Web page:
The literary works of the writers of these generations, as a whole, represent a reinforcement of the topic proposed in this essay, and they are steadfast in facing the strong winds that hit and threaten our essentiality as a people. In their texts we see how a new way of feeling about the native land and conceiving its history develops. Perhaps influenced by the words of Peruvian Vargas Llosa, in the sense that "the greater the patriotism, the greater the cruelty in showing us our own embarrassment, to show not only where the historic pus is but also the ridiculousness, the corniness, the mediocrity of human beings", these writers we now study will make of the written work of their generations a live testimony of the truth.
The writers of 1960 cultivate a challenging literature of sharp critical spirit —which comes from the direct contact with the hurtful truth of material, spiritual, and political crisis the country faces— and express their will to modify it. The members of the generation of 1975 will dedicate their critical passion to strengthening the sense of Puerto Ricanness by going deeper into the causes that contribute to distort our national identity. They use a rather sentimental and human cynicism, tempering the censorship regarding social decomposition, leaving behind the thunder and discordant of the generation of 1960. They fix their attention on our collective unstable existence, on man to current use, trapped by the new economic, social, and political changes that have been taking place after World War II, changes that represent the move from a capitalist industrial society, in whose pattern Puerto Ricans are submitted to new economic orders that do not fit the essence of an "unproductive" society like ours today.
Both literary generations present in their work a terrifying picture of alienated Puerto Ricans, uprooted from what is theirs, product of a consumerist society that only aspires to the enjoyment of material goods, worsening, with greater strength each time, the state of decay the country faces. This literature represents a new consolidating opening of the sense of what is Puerto Rican, because of its eager search of the being and its significant roots in time and space.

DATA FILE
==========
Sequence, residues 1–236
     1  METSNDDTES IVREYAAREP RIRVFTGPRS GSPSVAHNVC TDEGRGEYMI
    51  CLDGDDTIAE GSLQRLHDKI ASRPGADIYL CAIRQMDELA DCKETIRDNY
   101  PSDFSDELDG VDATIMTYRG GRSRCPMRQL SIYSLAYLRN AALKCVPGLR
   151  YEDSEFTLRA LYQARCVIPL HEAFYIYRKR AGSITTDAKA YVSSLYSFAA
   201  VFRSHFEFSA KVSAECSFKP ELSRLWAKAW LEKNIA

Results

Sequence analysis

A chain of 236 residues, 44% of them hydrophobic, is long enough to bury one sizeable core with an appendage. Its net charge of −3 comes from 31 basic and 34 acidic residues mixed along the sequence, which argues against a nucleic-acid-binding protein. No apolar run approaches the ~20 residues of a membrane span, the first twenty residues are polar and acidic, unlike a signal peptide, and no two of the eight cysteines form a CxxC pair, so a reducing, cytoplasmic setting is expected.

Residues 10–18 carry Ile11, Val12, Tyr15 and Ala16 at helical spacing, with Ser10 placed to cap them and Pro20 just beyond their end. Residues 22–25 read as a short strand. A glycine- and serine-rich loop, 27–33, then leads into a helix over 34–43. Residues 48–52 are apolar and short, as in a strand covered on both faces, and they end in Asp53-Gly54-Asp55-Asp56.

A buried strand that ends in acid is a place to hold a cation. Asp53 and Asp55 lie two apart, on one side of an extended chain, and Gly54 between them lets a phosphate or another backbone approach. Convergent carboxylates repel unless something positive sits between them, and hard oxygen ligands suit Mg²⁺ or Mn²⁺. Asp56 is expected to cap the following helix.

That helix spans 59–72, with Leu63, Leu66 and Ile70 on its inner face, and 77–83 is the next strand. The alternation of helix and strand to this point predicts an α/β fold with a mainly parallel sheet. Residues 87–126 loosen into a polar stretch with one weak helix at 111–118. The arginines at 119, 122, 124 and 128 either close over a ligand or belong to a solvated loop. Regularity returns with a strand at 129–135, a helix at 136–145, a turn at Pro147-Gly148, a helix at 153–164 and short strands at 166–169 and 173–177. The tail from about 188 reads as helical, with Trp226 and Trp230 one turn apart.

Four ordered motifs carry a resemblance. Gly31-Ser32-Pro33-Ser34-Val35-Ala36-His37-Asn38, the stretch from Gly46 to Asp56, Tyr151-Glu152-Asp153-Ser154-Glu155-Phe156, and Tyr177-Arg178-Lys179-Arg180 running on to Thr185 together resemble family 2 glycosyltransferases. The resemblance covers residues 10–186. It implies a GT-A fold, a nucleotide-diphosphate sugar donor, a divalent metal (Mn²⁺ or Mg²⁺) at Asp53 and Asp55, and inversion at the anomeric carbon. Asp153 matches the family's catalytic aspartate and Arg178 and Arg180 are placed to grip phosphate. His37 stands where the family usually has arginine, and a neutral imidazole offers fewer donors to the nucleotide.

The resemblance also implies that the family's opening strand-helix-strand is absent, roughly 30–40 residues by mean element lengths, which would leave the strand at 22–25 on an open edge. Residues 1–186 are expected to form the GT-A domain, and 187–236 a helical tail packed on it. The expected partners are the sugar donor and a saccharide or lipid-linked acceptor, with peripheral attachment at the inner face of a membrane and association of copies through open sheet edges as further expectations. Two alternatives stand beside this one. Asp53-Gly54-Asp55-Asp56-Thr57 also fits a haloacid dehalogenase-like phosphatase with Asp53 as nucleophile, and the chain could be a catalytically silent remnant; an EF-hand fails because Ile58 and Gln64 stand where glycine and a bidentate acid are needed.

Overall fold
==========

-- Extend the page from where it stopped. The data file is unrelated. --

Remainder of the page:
Among the most decisive authors in the topic of Puerto Ricanness, Luis Rafael Sánchez, stands out. He is a short-story writer, novelist, playwright, and essayist, without a doubt the most distinguished writer in these last two literary generations. The topic of nation in his work reflects his concerns regarding various problems that harass us: social, political, cultural. The Puerto Rican reality of today serves as background to his narrative, which reaches its climax with La guarachaguaracha: A fast-paced Cuban dance of Andalusian origin, in which the music has a 2/4 or 4/8 meter. del Macho Camacho, representative frame for the collective tragedy of our contemporary society, in evident state of degradation, sunken in chaos and alienation, suffering from a serious crisis situation regarding moral and spiritual principles, and damaged in the base of its political essence.
Other important writers —important because of the work they have done until now, based on the topic of concern for the native land— are, among others, Carmelo Rodríguez Torres, Rosario Ferré, Ana Lydia Vega, Magali García Ramis, etc.
Literature that has been cultivated in Puerto Rico throughout time, as can be seen, is revealed in poets, narrators, playwrights, and essayists with all the characteristics of being a sign of the roots of Puerto Ricanness, and becomes a true reflection of the cultural resistance safeguarding the positions of courageous feeling of nation that, with the passing of time, our people have assumed for the permanence of our profiles as a people and a nation. This encourages us to test our conscience, to reflect, critique, and self-critique. Our texts today are more Puerto Rican than ever before, despite the tendency of universalist order that insular literature has expressed beginning with the generation of the 1930's. According to José Santos Chocano "the more we belong to our land and our race, the more universal we may become."
Autor: Josefina Rivera
Published: September 21, 2010.
Version: 09032501 Rev. 1